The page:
Network Performance and Reliability
The network performance and reliability on the RV345 have been solid and what small businesses expect to keep their network environments running speedily for years to come. All Cisco networking solutions I have used over the years support Gigabit Ethernet for the LAN, plus every WAN connection is certainly limited by the customer’s ISP, but overall, the RV345 has still been a solid running router and an ideal upgrade to my RV180. The firmware is noticeably faster, and my connections both at the WAN and at the LAN have been speedy and solid.
I have had a chance to fully “battle test” the RV345 as well in a demanding network environment. I transitioned from a PC to a Mac for my day-to-day work machine, and I had plenty of content to move over the network, both over the LAN and over the Internet over the WAN. The RV345 handled everything flawlessly during the transition, and it continues to handle my bandwidth-hungry network effortlessly today. The bulk of my work occurs over the Internet, and the Internet powers my VOIP phone system, the majority of the video streaming content I view, meetings I attend for work and school, and everything in between. I need solid, reliable, proven networking solutions powering my network, and the Cisco RV345 certainly does not disappoint but handles everything without breaking a sweat. The only thing that would improve my network performance is upgrading my old wireless access point to one of Cisco’s newer wireless access point models, something I will discuss with Cisco at some point when I am ready to supercharge my wireless network.
Cisco Small Business Support
Not only is the RV345 a solid performing router, but it is also backed by top-notch Cisco small business support. I highly recommend Cisco customers add a Cisco small business support contract to their RV345 model (I am in the process of getting a service contract added to mine as soon as I confirm the proper service contract SKU from Cisco), as the benefits of a service contract are certainly worth the investment. I enjoy having 24/7 access to the Cisco small business support center, creating support cases with Cisco, using the Cisco Technical Support iPhone app, and having next business day replacement in the event of a hardware issue. It is simply affordable added peace of mind to know that the best small business router is backed by the best small business support in the industry. Cisco also offers a range of support options for small business customers, from phone and email support to the excellent Cisco Technical Support mobile app, to the super-beneficial Cisco small business support community (a place where I have enjoyed interacting with other Cisco customers and Cisco engineers), plus Cisco is also responsive on social media as well. Cisco ensures that small business customers receive the ideal combination of solid networking solutions backed up with solid support when customers need it, allowing customers to trust and depend on Cisco’s proven solutions for small businesses.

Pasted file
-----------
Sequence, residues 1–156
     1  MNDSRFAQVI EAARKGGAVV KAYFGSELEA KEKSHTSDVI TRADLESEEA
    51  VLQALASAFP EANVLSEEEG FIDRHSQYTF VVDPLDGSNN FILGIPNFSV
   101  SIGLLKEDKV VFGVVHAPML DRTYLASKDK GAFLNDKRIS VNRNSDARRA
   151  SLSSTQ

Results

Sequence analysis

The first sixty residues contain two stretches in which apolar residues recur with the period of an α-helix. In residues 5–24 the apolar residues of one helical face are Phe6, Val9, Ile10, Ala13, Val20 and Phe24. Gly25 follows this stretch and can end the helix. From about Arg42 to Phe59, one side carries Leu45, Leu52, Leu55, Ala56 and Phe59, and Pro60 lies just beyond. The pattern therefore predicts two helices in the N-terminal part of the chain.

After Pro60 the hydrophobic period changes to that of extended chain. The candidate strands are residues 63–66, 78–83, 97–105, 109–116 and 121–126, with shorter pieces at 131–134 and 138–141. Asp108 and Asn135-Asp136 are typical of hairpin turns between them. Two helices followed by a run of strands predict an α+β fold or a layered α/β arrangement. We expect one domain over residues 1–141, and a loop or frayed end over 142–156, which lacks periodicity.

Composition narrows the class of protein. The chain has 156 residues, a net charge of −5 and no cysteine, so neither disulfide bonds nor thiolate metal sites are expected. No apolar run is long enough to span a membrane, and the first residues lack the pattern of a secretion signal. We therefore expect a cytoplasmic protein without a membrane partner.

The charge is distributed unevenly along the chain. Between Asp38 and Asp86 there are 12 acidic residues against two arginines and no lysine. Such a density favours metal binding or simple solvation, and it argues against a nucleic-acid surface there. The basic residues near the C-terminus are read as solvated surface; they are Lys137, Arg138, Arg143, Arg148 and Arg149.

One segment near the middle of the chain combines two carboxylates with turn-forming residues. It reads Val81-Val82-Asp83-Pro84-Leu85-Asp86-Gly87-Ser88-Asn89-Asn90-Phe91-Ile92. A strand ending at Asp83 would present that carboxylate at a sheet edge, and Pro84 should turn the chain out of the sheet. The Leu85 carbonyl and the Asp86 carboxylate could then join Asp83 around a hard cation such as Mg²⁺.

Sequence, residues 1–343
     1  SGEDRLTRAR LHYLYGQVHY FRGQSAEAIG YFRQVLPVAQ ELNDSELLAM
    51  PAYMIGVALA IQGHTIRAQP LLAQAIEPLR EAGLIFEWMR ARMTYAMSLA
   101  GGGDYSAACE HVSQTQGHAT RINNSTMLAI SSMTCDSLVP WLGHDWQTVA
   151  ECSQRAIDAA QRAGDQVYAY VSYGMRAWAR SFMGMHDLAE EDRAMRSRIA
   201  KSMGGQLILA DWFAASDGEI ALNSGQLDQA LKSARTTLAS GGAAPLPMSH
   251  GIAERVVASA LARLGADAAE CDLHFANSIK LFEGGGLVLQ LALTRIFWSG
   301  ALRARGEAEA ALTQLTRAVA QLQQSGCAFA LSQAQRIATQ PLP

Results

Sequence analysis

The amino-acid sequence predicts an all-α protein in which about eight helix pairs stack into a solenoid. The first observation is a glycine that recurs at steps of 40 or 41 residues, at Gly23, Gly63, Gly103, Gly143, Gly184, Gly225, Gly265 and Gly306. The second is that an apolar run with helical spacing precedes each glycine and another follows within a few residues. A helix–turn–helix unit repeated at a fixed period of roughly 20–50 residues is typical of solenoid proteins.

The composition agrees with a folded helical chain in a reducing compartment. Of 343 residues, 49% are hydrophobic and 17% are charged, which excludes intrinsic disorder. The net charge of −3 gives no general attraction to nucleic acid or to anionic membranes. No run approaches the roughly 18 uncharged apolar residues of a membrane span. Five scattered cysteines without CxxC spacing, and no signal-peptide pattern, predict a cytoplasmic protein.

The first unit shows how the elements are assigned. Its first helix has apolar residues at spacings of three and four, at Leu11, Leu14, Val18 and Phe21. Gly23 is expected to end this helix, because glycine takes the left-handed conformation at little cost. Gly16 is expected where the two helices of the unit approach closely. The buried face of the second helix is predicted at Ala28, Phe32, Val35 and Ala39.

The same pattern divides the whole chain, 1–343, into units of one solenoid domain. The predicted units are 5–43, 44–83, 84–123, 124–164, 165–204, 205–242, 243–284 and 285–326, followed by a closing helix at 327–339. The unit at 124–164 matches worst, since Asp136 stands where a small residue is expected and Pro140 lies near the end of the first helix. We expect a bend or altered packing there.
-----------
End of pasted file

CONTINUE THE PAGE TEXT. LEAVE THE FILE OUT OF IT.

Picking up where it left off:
The Cisco RV345 is truly the sweet spot of small business routers and the ideal small business router to install in any network environment, especially those with the most demanding network performance and reliability needs. I am thrilled to be powering my network with the RV345, and I look forward to enjoying the benefits of the RV345 for years to come. The integrated sixteen-port Gigabit Ethernet switch and dual WAN with mobile broadband support is a small business network administrator’s dream, the firmware is speedy and a joy to use to get one’s network environment up-and-running quickly, and small business features such as VLAN support offer solid performance when paired with QoS. There is a wealth of features on the RV345 for every small business to use, and I likely still could dig into some of the additional features and benefits to supercharge my network further. I highly recommend customers include a Cisco small business support contract with their RV345 purchase to tap into Cisco’s wide array of support options available to customers, and customers can purchase the RV345 with the confidence they are receiving the best small business router and support in the industry.
I will also take a moment to evaluate Cisco in general as a networking solutions provider. As a long-time Cisco customer and one who has worked in IT (and will be continuing to serve in IT in academic and education environments), I would not power any network I administer or service with anything else but Cisco networking solutions. From small business environments to the largest enterprise deployments, Cisco offers solutions that fit everyone’s needs of all sizes, all backed with proven performance, reliability, and support. With Cisco small business networking solutions offering affordable solutions near or only slightly more than the cost of premium residential networking solutions, I even recommend Cisco small business networking solutions to residential customers in addition to small businesses. As residential customers operate home office or telecommuting working environments, and as more of our digital lives are powered by the Internet, the additional benefits of Cisco small business routers are handy to have at one’s disposal when one needs them while still offering solid performance, reliability, and support out-of-the-box. Every network of every size should be powered by Cisco. Cisco has been the backbone of my network for years, and I will continue to be both a Cisco customer as well as recommend Cisco networking solutions to everyone I consult with for years to come. I look forward to looking into opportunities to assist Cisco in driving further deployments of Cisco networking solutions into additional environments such as academic and educational networking environments.
Submitted by Nathan Parker
Nathan is an IT consultant for Earth Networks and contributes to the WeatherTogether.net blog. Earth Networks used to own WeatherBug (it was sold to GroundTruth), but Nathan still consults for them on support and training projects. On the WeatherTogether blog, Nathan writes a weekly column for Arkansas weather (hence why he also tweets often with severe weather posts for Arkansas). Follow Nathan on Twitter.